Avoidance of the known allergen is common sense, but if you’re allergic to invisible microbes in the environment, it’s hard to keep allergic reactions at bay completely. However, there are some things you can do to modify your environment.
“It is important to avoid exposure to peak pollen counts and resist the temptation to open windows. Air conditioners can be used to filter the air, and showering before bed can remove allergens to help reduce contamination of the bedding. To reduce dust mite allergen, remove carpeting, if possible, keep allergenic animals out of the bedroom, replace curtains with shades or blinds, and encase mattresses and pillows with mite-impermeable covers. Regular cleaning with vacuums equipped with HEPA filters can reduce allergen burden in the home,” said Dr. Cappelluti.
Dr. Cappelluti added that there may be a role for acupuncture or Chinese herbs as part of a traditional Chinese medicine approach to allergies.
State of the Market for Natural Products
For natural products targeting allergy relief, the market is in an upswing. For homeopathic medicine specifically, Dr. Merville said, “More and more patients appreciate that homeopathic medicines complement a healthy lifestyle and allow them to relieve a wide variety of allergy symptoms easily and affordably. Homeopathic medicines particularly appeal to parents, who are concerned about what goes into the family medicine cabinet.”
“The market has been growing quickly for the past 10 years. Before that most people would just listen to whatever their doctor told them to use, and they would go overboard with the steroids, antihistamines and decongestants,” said Jones.
Plaza said that there has been a substantial shift away from prescription allergy medicines to OTC solutions. “The move away from prescription medication may be more cost effective for the individual, especially considering that many sufferers of allergies take multiple preparations, such as nasal sprays, tablets, eye drops and ointments,” she said. “While OTC preparations are generally still drugs, it could imply that consumers are open to the idea of trying natural remedies and it is an opportunity for practitioners to discuss alternative preparations.”
Natural Products to Support Allergies
Dr. Cappelluti said that some of the most effective natural ingredients for seasonal allergy symptom mitigation include butterbur, fish oil, magnesium, vitamin C, quercetin and stinging nettle.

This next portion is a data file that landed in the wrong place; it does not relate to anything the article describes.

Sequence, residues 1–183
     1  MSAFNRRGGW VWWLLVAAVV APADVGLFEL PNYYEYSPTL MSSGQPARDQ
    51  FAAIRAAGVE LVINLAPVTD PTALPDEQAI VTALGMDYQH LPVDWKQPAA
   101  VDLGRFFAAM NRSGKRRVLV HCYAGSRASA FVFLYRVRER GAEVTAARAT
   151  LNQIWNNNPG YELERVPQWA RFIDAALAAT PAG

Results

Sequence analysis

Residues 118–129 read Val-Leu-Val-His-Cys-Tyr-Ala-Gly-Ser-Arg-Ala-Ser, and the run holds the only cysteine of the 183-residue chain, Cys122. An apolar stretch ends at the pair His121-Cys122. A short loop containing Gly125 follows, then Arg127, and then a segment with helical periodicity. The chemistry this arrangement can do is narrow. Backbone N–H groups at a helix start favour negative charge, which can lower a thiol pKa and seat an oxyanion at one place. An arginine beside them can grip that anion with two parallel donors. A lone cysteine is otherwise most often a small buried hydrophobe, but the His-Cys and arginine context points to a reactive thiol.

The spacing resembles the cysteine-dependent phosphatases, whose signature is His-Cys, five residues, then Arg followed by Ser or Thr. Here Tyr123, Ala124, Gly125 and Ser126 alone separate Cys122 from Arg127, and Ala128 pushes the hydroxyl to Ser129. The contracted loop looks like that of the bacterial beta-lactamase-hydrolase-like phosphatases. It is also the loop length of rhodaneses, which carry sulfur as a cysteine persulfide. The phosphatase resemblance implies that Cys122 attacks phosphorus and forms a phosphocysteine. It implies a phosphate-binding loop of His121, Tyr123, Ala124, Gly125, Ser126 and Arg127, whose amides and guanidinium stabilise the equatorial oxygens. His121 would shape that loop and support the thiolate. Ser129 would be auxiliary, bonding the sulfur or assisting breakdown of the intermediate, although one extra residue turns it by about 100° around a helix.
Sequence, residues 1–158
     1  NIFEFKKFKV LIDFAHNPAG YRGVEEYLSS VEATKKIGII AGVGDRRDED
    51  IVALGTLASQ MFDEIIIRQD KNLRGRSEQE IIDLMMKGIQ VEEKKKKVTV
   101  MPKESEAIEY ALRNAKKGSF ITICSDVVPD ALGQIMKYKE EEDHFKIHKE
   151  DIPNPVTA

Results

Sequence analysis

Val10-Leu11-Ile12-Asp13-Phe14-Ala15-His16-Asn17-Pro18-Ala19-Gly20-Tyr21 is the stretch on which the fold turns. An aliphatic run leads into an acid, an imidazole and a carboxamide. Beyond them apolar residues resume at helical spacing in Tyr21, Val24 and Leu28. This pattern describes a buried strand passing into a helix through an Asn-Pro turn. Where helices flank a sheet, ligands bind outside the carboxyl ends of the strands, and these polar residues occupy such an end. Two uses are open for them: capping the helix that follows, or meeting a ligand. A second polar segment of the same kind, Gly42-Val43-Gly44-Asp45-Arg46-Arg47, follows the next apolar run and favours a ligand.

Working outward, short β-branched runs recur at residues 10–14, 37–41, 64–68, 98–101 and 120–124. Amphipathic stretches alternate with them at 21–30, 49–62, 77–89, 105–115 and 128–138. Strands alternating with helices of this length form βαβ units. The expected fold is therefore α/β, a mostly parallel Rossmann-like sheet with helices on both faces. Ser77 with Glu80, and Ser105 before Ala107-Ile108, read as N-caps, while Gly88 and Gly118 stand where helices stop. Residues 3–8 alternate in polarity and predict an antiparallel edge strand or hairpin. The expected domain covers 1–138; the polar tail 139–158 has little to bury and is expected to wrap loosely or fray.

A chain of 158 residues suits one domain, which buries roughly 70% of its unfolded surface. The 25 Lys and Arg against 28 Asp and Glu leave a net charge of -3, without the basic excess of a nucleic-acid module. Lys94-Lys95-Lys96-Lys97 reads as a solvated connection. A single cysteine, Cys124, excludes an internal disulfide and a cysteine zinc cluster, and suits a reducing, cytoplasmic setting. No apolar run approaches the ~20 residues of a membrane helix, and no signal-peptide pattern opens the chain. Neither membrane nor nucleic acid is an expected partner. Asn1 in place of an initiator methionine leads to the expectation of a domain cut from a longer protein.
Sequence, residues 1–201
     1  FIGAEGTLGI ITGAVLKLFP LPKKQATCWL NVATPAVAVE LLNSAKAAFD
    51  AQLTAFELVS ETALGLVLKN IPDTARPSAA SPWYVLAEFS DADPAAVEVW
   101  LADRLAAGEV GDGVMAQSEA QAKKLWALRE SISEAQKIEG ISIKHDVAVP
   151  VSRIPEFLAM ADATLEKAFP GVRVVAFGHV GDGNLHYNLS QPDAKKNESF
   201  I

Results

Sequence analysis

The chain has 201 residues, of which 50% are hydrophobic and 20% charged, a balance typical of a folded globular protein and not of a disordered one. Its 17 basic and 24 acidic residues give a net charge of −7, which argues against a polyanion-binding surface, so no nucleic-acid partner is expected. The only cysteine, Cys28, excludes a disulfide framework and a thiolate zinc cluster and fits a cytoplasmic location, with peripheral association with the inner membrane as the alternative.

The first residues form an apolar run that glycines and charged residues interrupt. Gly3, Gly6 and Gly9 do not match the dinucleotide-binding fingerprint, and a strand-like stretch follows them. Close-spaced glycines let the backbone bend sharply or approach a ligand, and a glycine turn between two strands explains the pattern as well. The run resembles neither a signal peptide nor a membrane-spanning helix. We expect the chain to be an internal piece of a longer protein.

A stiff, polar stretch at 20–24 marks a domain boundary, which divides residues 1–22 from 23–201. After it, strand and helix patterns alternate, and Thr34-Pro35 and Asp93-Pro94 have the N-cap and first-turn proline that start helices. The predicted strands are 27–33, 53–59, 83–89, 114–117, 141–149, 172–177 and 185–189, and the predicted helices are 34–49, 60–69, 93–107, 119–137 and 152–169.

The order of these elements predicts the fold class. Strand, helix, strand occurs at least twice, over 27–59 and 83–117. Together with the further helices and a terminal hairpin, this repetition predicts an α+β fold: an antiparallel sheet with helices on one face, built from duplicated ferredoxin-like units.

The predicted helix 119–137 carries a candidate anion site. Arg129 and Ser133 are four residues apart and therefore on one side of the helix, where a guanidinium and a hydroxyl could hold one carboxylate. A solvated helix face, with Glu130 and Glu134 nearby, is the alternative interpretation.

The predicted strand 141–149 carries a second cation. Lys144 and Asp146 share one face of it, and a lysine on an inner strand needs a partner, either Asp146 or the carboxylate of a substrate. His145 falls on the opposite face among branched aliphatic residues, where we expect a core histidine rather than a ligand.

Xlear makes a nasal spray and irrigation bottles, originally invented by a physician to wash bacteria out of the upper airway. “Adding the xylitol to it not only blocked bacteria and viruses from adhering, but it also kept the nasal mucosal layer hydrated so it trapped more pollen and other allergens and allowed the body to wash it away before it became a big allergic response,” said Jones.
Standard Process offers several products specific to supporting allergy symptoms. These include Allerplex, which contains vitamin A, and AllergCo, a MediHerb product, which contains albizia, Chinese skullcap and nigella.
Boiron makes several homeopathic medicines to support allergy symptoms; homeopathic medicines do not cause drowsiness, nor are
they contraindicated with existing conditions. “Allium cepa 6C is a homeopathic preparation of the onion bulb that can help with an allergic or viral runny nose. Allium is used when nasal discharge is clear, watery and an irritant in the nostrils as well as spasmodic, fitful sneezing and itchy eyes usually from hay fever at the first stages and improved by cold air,” said Dr. Merville.
Other products are Apis mellifica 30C, popular for relieving swelling from insect bites or allergies and can help relieve itchy eyes. Histaminum hydrochloricum 30C is derived from histamine and can provide relief of hay fever, hives or even a reaction to an insect sting. A convenient product, particularly for those new to homeopathy, Boiron offers RhinAllergy, a multi-symptom allergy medicine, with allium cepa and histaminum as the two active ingredients.
Hilma has several products to support allergies, including Indoor/Outdoor Support and Immune Support, Immune Essentials and Elderberry Immune Gummies, and the ingredients are minimal. For example, said Dr. Ogden, “Indoor/Outdoor Support has those essential natural supplements that are well-established therapies for allergy symptoms: butterbur, nettle, spirulina. Butterbur has been shown in studies to be as effective as OTC allergy meds. Immune Essentials, Immune Support offer a layer of protection in terms of anti-inflammatory and maintenance of immune defenses. This is especially helpful during cold and flu season when people may have a flare of indoor allergies, or in April/May or fall when influenza is still an issue and allergy season is in full swing.”